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 ENG  Vol.12 No.9 , September 2020
Boundary Exponential Stabilization of a One-Dimensional Anti-Stable Wave Equation with Control Matched Disturbance
Abstract: In this paper, we are concerned with output feedback stabilization for a one-dimensional anti-stable wave equation with disturbance. First, we design a disturbance estimator for the original system. Then, we propose an output feedback controller for the original system. By calculation, the closed-loop of original system is proved to be exponentially stable and well-posed. Finally, this paper is summarized.

1. Introduction

The wave equation is a set of differential equations derived from Maxwell’s equations, which describes the wave characteristics of electromagnetic field. It is an important partial differential equation and has important research significance in the field of control. In recent years, anti-stable one-dimensional wave equation with boundary disturbance has been researched in different ways in the field of control. On this issue, there is used the Lyapunov function approach to design controller in Guo [1] (2014). Besides, active disturbance rejection control (ADRC) has established itself as a powerful control technology in dealing with vast uncertainty in control system. A class of nonlinear systems is dealt with a modified nonlinear extended state observer (ESO) of a time-varying gain in active disturbance rejection control (ADRC) in Zhao [2] (2015). In Wu [3], they apply the active disturbance rejection control (ADRC), an emerging control technology, to output feedback stabilization for a class of uncertain multi-input multi-output (MIMO) nonlinear systems with vast stochastic uncertainties. Boundary stabilization is considered for a multi-dimensional wave equation with boundary control matched disturbance that depends on both time and spatial variables. The active disturbance rejection control (ADRC) approach is adopted in investigation in Guo [4]. An algorithm with the active disturbance rejection control approach is developed to reject time and spatially varying boundary disturbances from a multidimensional Kirchhoff plate via boundary control in [5] (2014). A vital step toward ADRC is to estimate the disturbance through an extended state observer (ESO). In Zhao [6] (2015) and [7] (2011), a nonlinear ESO is designed for a kind of lower triangular nonlinear systems with large uncertainty. A nonlinear extended state observer (ESO) is investigated that constructed from piece-wise smooth functions consisted of linear and fractional power functions in Zhao [8] (2015). In Wu [9], they construct a nonlinear ESO for a class of uncertain lower triangular nonlinear systems with stochastic disturbance and show its convergence, where the total disturbance includes internal uncertain nonlinear part and external stochastic disturbance. Besides, the disturbance is then compensated in feedback loop by its estimate. In Guo [10] (2015), the active disturbance rejection control (ADRC) approach is adopted in investigation. In addition, the ADRC can also efficiently reduce the control energy in practice [11]. Moreover, there are many kinds of disturbances, the “backstepping” method for the problem of stabilization of one-dimensional wave equation with input harmonic disturbance is adopted in the design of the adaptive regulator in Guo [12] (2013). And there are many design methods for a boundary controlled one-dimensional wave equation with external disturbance. A new method is proposed to estimate the total disturbance without using high gain in Zhou [13] (2018). In particular, the derivative of disturbance isn’t longer commanded to be bounded, instead, we should relax the disturbance to be d L ( 0 , ) or d L 2 ( 0 , ) . The requirement is different from that in the ADRC of lumped parameter systems by high gain [14] [15] [16] [17].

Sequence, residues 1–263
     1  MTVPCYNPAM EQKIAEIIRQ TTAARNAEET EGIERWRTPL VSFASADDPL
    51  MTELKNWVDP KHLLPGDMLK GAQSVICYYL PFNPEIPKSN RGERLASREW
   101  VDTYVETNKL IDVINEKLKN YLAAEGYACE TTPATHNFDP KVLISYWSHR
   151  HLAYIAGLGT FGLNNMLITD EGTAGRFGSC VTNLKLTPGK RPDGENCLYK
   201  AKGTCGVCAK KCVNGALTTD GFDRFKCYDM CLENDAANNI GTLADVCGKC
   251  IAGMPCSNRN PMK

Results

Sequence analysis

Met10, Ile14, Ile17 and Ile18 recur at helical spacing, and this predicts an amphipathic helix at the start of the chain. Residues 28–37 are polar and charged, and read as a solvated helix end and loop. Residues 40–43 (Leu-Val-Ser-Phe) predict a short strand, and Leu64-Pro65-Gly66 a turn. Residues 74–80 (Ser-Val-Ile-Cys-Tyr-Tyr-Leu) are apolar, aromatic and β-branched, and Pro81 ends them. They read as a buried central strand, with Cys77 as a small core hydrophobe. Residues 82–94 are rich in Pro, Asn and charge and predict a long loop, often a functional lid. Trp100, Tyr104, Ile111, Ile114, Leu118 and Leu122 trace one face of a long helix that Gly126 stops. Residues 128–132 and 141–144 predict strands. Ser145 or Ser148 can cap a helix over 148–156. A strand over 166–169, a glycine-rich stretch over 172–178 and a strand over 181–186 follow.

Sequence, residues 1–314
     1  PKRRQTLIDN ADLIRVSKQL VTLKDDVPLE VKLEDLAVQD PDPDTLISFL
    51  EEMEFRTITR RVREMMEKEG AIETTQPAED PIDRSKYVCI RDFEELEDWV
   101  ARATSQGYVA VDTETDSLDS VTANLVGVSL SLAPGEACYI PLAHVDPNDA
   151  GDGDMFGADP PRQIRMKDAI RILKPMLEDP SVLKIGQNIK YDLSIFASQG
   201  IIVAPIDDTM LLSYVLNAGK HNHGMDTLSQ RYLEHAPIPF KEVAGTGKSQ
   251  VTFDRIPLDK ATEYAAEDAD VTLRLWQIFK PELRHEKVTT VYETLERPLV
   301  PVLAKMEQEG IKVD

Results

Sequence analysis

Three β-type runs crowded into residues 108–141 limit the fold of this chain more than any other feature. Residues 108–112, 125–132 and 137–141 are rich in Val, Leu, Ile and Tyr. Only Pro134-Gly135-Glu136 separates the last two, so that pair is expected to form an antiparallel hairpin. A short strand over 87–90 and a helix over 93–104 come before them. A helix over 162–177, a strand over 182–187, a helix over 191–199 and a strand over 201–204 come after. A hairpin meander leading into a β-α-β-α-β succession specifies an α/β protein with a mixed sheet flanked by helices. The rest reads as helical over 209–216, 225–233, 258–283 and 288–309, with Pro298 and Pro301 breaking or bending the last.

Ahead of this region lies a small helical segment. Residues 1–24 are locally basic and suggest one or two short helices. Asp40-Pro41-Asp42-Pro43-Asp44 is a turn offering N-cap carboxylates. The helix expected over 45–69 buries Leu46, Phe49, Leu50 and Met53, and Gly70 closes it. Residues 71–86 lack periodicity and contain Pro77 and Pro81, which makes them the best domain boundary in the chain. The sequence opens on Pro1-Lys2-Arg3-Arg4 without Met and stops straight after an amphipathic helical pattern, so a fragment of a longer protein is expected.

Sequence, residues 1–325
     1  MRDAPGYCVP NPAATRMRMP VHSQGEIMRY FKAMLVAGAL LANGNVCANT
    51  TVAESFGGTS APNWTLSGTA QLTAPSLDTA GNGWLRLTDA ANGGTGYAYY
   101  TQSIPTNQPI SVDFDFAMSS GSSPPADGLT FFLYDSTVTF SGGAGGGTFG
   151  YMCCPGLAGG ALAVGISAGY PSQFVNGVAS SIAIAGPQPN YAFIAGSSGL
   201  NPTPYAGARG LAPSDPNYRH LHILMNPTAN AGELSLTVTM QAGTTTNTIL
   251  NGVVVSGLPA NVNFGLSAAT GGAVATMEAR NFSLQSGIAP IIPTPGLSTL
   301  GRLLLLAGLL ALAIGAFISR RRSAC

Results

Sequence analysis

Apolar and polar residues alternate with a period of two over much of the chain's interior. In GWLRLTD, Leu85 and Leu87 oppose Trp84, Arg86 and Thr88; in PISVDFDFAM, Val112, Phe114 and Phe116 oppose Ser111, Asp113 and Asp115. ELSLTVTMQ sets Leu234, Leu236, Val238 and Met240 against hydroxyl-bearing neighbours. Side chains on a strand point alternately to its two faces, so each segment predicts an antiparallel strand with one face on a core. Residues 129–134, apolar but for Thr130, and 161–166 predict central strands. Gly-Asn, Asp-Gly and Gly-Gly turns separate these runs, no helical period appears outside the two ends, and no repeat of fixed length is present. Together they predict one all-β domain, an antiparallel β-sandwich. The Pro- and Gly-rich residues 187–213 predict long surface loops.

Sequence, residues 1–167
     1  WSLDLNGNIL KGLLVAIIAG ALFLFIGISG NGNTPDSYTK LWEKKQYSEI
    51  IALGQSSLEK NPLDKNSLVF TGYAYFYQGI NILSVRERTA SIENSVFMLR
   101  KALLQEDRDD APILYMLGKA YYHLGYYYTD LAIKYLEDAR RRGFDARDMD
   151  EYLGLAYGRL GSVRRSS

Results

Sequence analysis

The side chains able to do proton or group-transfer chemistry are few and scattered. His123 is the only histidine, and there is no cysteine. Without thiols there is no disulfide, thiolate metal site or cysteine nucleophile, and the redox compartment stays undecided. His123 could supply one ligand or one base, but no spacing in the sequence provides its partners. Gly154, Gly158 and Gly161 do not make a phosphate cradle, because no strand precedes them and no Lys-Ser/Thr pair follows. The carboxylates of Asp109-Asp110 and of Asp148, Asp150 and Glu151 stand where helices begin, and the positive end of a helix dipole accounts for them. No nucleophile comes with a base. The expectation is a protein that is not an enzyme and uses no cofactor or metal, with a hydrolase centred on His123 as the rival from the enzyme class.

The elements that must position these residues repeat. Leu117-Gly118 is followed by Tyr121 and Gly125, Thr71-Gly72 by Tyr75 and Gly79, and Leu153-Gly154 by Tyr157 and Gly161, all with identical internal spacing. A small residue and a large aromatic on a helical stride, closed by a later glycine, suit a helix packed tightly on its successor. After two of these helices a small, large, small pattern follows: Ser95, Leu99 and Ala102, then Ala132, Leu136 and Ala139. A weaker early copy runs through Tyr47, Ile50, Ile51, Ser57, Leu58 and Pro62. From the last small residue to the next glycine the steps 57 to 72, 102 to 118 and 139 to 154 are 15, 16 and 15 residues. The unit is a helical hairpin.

Our main focus is on stabilization for the following anti-stable one-dimensional wave equation with general boundary disturbance:

{ u t t ( x , t ) = u x x ( x , t ) , x ( 0 , 1 ) , t > 0 u x ( 0 , t ) = q u t ( 0 , t ) , t 0 , u x ( 1 , t ) = d ( t ) + U ( t ) , t 0 , u ( x , 0 ) = u 0 ( x ) , u t ( x , 0 ) = u 1 ( x ) , x [ 0 , 1 ] , y 0 = { u ( 0 , t ) , u ( 1 , t ) , u t ( 0 , t ) } , t 0 , (1.1)